Ojukwu’s declaration of independence was a measure undertaken with widespread support among the Igbos who dominated the Eastern Region. Most felt that they had been chased out of the federation and had been left with no alternative. The federal position enunciated by Gowon also resonated. If the Eastern Region was allowed to split from the rest of the federation, there was every reason to believe that Nigeria would chaotically splinter into smaller parts and that foreign powers would become involved in backing each of the warring entities.
The Biafran propaganda machinery driven by Mark Press, a Geneva-based public relations company, was skillful in setting out the grievances of the Igbos. The themes disseminated began by positing the rationale of the creation of Biafra as one that was predicated on the need for tribal emancipation. It also portrayed the Igbo cause as one based on a religious conflict between a feudal-minded Muslim leadership hell-bent on continuing the pre-colonial Sokoto Caliphate which intended to expand southwards, routing the animist and Christian peoples, until euphemistically, they would dip the Koran into the Atlantic Ocean. And as the war developed, Biafran propaganda utilised the images of starvation as a means of emphasising the claim that they were being purposefully subjected to a policy of genocide.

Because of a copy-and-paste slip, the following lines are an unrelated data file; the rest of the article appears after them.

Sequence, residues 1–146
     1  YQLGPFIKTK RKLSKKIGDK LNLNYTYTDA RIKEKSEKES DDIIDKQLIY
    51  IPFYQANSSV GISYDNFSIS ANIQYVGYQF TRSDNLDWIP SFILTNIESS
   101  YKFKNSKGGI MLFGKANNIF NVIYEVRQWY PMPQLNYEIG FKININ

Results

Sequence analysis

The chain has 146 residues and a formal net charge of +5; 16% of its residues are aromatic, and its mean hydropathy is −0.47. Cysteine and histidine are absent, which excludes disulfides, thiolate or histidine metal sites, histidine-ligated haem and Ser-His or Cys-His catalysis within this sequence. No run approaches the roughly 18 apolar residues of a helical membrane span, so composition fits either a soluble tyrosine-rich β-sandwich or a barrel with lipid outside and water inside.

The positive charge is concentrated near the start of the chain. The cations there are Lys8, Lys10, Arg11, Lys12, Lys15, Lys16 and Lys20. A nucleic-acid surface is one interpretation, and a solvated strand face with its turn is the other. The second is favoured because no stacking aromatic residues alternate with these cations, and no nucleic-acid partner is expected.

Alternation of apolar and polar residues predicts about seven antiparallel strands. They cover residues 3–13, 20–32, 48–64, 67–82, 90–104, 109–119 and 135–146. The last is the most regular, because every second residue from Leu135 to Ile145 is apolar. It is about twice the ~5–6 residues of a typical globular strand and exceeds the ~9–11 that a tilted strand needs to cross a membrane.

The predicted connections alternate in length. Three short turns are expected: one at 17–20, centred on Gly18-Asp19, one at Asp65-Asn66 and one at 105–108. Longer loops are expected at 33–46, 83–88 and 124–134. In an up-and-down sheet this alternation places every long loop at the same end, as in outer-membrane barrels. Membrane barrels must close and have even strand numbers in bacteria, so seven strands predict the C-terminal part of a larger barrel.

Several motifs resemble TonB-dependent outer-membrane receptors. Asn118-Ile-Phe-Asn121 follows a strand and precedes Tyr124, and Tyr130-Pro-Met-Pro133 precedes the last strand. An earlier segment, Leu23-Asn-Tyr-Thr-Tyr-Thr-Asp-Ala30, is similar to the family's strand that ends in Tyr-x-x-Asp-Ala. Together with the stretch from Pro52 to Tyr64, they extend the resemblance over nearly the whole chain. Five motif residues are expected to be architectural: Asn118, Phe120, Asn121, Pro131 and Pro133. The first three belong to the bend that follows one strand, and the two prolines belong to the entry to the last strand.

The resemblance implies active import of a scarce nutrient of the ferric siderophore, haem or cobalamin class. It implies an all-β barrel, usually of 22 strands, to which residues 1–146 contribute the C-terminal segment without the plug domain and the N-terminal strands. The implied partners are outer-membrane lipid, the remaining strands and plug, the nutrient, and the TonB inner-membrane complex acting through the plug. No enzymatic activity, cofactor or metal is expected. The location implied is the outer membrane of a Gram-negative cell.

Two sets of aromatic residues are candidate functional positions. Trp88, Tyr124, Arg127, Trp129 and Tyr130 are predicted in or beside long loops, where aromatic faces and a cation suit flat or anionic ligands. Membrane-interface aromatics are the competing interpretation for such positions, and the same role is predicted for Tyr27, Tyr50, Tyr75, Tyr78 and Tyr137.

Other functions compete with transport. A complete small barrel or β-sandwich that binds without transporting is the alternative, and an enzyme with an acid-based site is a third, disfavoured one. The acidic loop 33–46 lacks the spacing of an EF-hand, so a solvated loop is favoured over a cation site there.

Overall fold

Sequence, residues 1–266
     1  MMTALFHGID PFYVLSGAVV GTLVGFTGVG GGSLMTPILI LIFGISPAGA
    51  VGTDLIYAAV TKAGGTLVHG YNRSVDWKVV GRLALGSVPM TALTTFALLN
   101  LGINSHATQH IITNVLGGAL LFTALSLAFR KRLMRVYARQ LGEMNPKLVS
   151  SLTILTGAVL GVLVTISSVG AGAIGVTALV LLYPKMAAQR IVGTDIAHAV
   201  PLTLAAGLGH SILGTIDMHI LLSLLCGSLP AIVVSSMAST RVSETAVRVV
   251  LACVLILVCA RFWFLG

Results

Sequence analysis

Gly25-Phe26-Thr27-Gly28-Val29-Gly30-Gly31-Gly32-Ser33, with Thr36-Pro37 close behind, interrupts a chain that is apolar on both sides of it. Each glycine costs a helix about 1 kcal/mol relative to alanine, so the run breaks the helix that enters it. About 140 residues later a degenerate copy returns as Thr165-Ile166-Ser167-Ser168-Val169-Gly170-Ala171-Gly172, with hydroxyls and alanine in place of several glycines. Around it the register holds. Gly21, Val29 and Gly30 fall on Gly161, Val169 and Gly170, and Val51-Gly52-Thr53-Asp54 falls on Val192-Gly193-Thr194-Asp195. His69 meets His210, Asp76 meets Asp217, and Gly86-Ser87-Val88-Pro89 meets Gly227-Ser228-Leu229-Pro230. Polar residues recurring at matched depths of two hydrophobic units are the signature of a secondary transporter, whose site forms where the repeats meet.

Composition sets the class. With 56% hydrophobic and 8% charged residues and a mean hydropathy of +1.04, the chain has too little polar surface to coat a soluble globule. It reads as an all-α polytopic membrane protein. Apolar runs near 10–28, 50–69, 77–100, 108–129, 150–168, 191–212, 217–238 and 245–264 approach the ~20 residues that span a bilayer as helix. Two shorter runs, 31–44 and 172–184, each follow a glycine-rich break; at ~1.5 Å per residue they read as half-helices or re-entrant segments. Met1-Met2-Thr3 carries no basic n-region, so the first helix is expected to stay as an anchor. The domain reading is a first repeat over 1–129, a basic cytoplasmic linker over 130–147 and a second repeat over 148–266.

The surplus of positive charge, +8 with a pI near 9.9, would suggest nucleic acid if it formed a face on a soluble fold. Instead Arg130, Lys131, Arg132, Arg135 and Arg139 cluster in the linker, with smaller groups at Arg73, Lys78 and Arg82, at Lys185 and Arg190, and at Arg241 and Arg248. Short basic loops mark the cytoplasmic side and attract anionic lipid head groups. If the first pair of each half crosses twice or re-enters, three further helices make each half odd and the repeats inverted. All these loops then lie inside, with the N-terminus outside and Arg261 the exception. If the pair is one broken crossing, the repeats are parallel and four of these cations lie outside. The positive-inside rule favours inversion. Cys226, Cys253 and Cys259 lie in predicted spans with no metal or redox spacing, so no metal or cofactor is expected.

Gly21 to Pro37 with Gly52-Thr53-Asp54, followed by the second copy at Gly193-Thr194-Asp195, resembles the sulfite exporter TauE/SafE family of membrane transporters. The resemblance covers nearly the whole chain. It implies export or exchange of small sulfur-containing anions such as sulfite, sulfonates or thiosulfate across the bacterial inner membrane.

The evidence assembled appeared to back up the claims. The series of pogroms against Igbo civilians, the massacre of Igbo soldiers, the rise of northern Muslim soldiers to positions of military and political power, as well as the mass starvation symbolised by Kwashiorkor-afflicted children all offered strong corroborative evidence.
But this presented a one-sided and uncomplicated view.
Many of the minority groups within the Eastern Region, as well as in the Mid-West Region which was invaded by Biafran troops early in the war, did not want to live under what they perceived as Igbo domination. And many minority communities were subjected to brutal occupation by Biafran forces. The conflict was also not simply a case of Muslims waging a jihad against Christians. Many of the soldiers involved in the counter-coup of July 1966 were Christians from the Middle-Belt, and, indeed, the man who emerged as the Head of State after that coup, Gowon, was himself a Christian. Also the claim that the blockade mounted by the federal government was inflexible towards the idea of relief supplies being allowed into Biafran territory was not true. The federal side wanted such relief to pass through Nigeria while the Biafran government asserted their belief that such supplies would be tainted by poison deliberately introduced by the Nigerian side.